What was your first year of teaching like?

My first year of teaching was – by far – the hardest professional year of my life. Before entering the classroom, I had dreams of fostering a strong classroom culture, connecting deeply with my students and their families, and bringing learning alive in the classroom in a rigorous and relatable way. Instead, I struggled. I struggled to establish a classroom focused on learning. I struggled to connect with my students. I struggled to make learning relevant and interesting to my students. It felt like I was sinking. 

My school didn’t have a robust coaching program, strong professional development opportunities, or a central curriculum and so, like many first year teachers, I was left to figure things out on my own. Every day, I felt like I couldn’t go back. I was exhausted – both emotionally and physically – but knew that I had to show up to try and do the best I could with my students. I was lucky to have another first year teacher next door who was struggling as much as I was. After school, she and I would (honestly) cry and then talk about what we could do differently the next day. We’d invent new routines, new morning meeting protocols, we’d change seating arrangements, revamp lessons to make them more engaging – anything to try and be better than the day before. 

Eventually, not through any great turning point or event, just by sheer hard work, will, slowly building relationships with my kids, and by constantly testing out and refining my practices I got better. I slowly learned to be clearer, more planned, more purposeful and more engaging. By February break of that first year I finally felt like I had some sense of what I should be doing. I started to swim.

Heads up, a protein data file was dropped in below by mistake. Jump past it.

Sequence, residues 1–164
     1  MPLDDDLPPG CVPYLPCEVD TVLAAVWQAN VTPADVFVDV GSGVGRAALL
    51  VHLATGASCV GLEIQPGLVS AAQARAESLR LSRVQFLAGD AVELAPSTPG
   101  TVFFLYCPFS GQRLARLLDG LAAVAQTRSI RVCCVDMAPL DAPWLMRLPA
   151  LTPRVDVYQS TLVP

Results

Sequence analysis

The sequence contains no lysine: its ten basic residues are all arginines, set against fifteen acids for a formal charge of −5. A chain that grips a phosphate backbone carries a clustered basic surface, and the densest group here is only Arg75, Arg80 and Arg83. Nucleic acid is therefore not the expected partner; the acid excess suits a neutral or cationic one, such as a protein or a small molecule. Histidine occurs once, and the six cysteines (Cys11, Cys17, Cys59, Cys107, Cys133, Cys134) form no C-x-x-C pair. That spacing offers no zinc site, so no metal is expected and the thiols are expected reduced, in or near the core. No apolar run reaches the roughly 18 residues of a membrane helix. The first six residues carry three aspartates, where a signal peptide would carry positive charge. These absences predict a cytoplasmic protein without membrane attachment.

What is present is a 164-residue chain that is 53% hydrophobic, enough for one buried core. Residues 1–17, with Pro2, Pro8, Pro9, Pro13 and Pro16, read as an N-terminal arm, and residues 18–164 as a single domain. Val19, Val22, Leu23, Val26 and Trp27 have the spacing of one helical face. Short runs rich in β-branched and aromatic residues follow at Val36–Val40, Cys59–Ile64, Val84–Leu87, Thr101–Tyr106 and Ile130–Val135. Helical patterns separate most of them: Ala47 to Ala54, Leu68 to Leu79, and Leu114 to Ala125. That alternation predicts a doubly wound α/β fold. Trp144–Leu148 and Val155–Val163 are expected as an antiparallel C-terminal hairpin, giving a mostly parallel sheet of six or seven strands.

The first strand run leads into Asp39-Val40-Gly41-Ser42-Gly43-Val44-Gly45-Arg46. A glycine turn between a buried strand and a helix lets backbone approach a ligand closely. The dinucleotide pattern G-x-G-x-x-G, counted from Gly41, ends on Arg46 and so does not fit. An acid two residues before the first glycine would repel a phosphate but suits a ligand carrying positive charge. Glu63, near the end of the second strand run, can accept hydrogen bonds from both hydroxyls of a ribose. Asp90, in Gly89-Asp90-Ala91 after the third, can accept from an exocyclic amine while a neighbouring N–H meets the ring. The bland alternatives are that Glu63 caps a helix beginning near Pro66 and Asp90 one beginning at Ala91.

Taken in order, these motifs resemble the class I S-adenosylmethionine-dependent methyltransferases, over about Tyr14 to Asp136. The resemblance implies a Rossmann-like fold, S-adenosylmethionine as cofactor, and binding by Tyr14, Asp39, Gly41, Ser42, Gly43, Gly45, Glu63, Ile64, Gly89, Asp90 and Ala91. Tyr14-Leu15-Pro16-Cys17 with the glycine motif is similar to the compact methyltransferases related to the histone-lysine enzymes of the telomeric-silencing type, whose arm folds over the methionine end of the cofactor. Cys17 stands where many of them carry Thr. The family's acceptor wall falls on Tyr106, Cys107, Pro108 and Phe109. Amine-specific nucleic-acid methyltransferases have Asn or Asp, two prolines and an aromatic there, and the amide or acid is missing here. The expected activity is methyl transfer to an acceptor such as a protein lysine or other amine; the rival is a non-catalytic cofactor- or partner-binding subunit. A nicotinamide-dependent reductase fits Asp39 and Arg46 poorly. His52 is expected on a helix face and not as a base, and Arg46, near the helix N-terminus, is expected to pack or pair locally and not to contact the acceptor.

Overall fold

My advice to first year teachers – don’t give up, find a mentor or friend or colleague to work with, and be willing to iterate, iterate, iterate until you figure out a style and a set of practices that works for you. 


What’s your favorite part of your job?

Probably not surprisingly given my experience, my favorite part of my job is supporting and developing teachers! I don’t think everyone’s first year of teaching needs to be so hard and so lonely. With thoughtful, purposeful training, coaching and development, we can create practices that prepare our teachers for the classroom faster and more effectively.

As a principal, I devoted most of my time and my leadership team’s time to observing, coaching and supporting our newest teachers. We created opportunities for newer teachers to be observed more, coached more, and to teach less in their first months in the classroom. They had the opportunity to observe excellent teachers within our building and learn from the best. These teachers had the support of the school behind them while learning, and they and their students fared better for it.